2. There is no check of effluents, garbage and solid wastes of more than forty thousand people living in the interior of Dal and Nageen lakes that is directly dumped in the lakes, besides sewage and discharge from the 700 house boats which has completely changed water chemistry for the past decade or two. This has resulted in addition of nutrients in the lake particularly essential nutrients like nitrogen and phosphorus that has benefitted Azolla to bloom. This is the reason that it grew at such a fast speed doubling its biomass within 3-4 days and leading to eutrophication.
3. No scientific method was implemented or even tried for the past 8 years to check, control or to eradicate this noxious weed by Lake Authorities. They are mere spectators with their folded hands. The engineering wing is active in selecting and procuring the modern machines for de-weeding and apparent cleaning in a particular portion of the Dal Lake only leaving its Nigeen basin as such where lot of deterioration has already taken place. Many a times whenever we were on exploration in these water bodies it was noticed that the drivers are sleeping and the machines are stand still to save the fuel as much as possible.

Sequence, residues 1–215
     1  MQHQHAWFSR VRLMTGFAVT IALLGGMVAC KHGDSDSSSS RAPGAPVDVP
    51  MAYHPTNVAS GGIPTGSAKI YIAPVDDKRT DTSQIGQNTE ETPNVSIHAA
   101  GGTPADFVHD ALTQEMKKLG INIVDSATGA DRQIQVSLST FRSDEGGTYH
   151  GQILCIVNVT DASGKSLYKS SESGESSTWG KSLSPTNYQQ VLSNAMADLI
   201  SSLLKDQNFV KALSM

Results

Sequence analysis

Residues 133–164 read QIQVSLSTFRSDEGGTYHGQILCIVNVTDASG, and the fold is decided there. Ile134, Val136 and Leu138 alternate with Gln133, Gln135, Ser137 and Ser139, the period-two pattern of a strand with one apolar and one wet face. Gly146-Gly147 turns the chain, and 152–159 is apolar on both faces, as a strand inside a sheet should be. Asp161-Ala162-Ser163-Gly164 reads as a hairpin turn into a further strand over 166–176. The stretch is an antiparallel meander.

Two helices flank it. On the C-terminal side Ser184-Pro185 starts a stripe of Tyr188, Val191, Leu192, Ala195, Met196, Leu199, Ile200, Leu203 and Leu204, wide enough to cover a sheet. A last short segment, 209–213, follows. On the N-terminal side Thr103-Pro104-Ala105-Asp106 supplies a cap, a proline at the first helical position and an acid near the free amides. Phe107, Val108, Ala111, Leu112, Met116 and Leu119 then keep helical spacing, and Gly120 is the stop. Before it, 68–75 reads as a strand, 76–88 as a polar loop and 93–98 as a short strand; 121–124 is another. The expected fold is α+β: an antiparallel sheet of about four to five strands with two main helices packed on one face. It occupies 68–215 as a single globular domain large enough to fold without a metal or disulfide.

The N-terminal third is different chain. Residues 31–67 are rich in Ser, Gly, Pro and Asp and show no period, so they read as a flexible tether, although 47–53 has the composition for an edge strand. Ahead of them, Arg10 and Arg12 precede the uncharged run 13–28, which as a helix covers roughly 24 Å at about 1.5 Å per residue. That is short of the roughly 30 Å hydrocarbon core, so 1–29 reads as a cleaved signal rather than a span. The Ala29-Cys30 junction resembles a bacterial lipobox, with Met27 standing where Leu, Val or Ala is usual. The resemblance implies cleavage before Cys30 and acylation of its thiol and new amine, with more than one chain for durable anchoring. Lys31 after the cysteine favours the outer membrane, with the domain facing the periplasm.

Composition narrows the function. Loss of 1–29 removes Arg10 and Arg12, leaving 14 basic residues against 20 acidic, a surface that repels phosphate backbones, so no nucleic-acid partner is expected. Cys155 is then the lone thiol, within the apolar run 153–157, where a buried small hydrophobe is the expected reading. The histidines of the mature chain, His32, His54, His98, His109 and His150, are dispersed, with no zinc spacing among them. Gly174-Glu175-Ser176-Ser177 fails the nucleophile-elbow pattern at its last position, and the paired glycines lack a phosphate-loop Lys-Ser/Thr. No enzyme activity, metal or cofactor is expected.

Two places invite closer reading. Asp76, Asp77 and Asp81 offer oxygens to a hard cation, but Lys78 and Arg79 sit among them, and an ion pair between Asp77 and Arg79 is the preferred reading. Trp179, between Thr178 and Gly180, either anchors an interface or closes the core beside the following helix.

4. Cash crop Nadur (lotus) is cultivated on war footing basis (being highly profitable) has further added misfortune and stress by hindering water movement. The water remains stagnant, or moves at snail’s pace paving ways for putrification and deterioration and leading to eutrophication and helping in the rapid growth of Azolla. These thick mats of Azolla further help in creating obstruction to all inlets and outlets of the lakes. Nobody takes a serious note of it.